Port-Royal Logic

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Port-Royal Logic, or Logique de Port-Royal, is the common name of La logique, ou l'art de penser, an important textbook on logic first published anonymously in 1662 by Antoine Arnauld and Pierre Nicole, two prominent members of the Jansenist movement, centered on Port-Royal. Blaise Pascal likely contributed considerable portions of the text. Its linguistic companion piece is the Port-Royal Grammar (1660) by Arnauld and Lancelot.

Written in French, it became quite popular and was in use up to the twentieth century, introducing the reader to logic, and exhibiting strong Cartesian elements in its metaphysics and epistemology (Arnauld having been one of the main philosophers whose objections were published, with replies, in Descartes' Meditations on First Philosophy). The Port-Royal Logic is sometimes cited as a paradigmatic example of traditional term logic.

The philosopher Louis Marin particularly studied it in the 20th century (La Critique du discours, Éditions de Minuit, 1975), while Michel Foucault considered it, in The Order of Things, one of the bases of the classical épistémè.

Among the contributions of the Port-Royal Logic is the popularization of the distinction between comprehension and extension, which would later become a more refined distinction between intension and extension.[1] Roughly speaking: a definition with more qualifications or features (the intension) denotes a class with fewer members (the extension), and vice versa. The main idea traces back through the scholastic philosophers to Aristotle's ideas about genus and species,[2] and is fundamental in the philosophy of Leibniz.[3] More recently, it has been related to mathematical lattice theory in formal concept analysis, and independently formalized similarly by Yu. Schreider's group in Moscow,[4] Jon Barwise & Jerry Seligman in Information Flow,[5] and others.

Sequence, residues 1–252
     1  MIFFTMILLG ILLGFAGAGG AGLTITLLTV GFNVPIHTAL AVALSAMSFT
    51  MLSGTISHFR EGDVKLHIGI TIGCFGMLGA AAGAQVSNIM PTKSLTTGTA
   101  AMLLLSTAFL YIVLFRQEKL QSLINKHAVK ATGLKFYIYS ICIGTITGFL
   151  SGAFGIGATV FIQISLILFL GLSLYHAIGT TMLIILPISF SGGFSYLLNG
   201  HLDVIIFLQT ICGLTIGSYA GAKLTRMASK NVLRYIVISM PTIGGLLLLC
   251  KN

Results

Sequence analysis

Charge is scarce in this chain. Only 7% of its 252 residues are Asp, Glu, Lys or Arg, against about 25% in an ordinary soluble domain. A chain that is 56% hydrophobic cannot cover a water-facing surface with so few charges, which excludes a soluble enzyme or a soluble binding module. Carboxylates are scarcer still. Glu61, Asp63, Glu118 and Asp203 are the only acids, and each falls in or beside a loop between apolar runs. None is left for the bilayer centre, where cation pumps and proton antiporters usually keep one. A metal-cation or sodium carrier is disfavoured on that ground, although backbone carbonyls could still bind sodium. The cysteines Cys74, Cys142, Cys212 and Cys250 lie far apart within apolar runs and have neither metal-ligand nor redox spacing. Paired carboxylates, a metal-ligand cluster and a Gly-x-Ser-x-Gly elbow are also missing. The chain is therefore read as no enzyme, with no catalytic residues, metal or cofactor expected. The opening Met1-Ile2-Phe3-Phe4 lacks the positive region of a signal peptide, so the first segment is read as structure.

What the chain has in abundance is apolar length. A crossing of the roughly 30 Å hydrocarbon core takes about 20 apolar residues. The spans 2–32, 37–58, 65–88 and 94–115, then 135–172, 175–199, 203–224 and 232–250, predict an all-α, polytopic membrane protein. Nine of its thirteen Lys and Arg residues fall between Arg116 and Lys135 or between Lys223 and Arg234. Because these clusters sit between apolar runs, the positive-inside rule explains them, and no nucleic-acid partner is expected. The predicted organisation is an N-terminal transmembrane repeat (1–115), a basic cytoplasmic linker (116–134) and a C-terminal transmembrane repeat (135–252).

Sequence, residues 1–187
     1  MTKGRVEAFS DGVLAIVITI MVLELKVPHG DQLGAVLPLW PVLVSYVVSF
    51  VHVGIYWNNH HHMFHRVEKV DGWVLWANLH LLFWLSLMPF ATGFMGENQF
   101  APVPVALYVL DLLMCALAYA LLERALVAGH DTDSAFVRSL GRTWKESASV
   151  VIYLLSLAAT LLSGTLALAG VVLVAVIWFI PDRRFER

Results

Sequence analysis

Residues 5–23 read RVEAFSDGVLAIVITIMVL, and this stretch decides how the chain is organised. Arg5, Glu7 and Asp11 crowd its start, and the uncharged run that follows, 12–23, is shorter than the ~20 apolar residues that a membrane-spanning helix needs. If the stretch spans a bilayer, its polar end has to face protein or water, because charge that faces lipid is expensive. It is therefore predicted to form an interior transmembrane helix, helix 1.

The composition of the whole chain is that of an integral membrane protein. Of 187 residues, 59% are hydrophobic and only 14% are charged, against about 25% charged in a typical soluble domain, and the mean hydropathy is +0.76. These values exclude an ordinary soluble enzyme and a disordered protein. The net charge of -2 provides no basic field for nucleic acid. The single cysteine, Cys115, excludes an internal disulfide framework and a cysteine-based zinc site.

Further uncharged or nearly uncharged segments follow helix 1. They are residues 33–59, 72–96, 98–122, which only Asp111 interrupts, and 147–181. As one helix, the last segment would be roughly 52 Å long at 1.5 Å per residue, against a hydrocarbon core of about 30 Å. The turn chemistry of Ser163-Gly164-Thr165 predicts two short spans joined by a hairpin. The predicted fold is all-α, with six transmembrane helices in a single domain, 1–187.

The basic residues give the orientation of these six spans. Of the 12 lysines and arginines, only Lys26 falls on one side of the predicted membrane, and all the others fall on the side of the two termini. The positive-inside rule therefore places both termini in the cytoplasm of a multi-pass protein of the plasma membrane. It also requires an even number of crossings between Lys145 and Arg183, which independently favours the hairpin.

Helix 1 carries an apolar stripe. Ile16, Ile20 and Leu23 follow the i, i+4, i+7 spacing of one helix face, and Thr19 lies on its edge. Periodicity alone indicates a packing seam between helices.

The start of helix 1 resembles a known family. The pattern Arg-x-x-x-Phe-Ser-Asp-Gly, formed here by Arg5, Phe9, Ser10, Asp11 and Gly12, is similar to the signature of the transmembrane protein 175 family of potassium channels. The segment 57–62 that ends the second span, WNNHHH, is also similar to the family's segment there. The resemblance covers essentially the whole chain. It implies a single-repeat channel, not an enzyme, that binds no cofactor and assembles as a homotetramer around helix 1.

1. ^ Kneale, William and Martha (1966). The Development of Logic. London: Oxford University Press. p. 318.
  2. ^ Joseph C. Frisch, Extension and Comprehension in Logic, Philosophical Library, New York, 1969.
  3. ^ Bertrand Russell, A Critical Exposition of the Philosophy of Leibniz, Routledge, London, 1900, 1992. ISBN 0-415-08296-X
  4. ^ "Schreider".
  5. ^ Jon Barwise and Jerry Seligman, Information Flow: The Logic of Distributed Systems, Cambridge University Press, 1997, ISBN 0-521-58386-1


  • Arnauld, Antoine, and Pierre Nicole. La logique ou l’Art de penser. 1st ed. Paris: Jean Guignart, Charles Savreux, & Jean de Lavnay, 1662.
  • Arnauld, Antoine, and Pierre Nicole. La logique ou l’Art de penser, contenant, outre les regles communes, plusieurs observations nouvelles, propres à former le jugement. 6th ed. Amsterdam: Abraham Wolfgang, 1685.
  • Arnauld, Antoine, and Pierre Nicole. Logic; or, The Art of Thinking. Translated by Several Hands. 1st ed. London: H. Sawbridge, 1685.
  • Arnauld, Antoine, and Pierre Nicole. Logic; or, The Art of Thinking. Translated by John Ozell. London: William Taylor, 1717.
  • Arnauld, Antoine, and Pierre Nicole. The Art of Thinking; Port-Royal Logic. Translated, with an introduction by James Dickoff and Patricia James, and a foreword by Charles W. Hendel. Indianapolis: Bobbs-Merrill, 1964.
  • Arnauld, Antoine, and Pierre Nicole. Logic or the Art of Thinking. Translated by Jill V. Buroker. Cambridge: Cambridge University Press, 1996.

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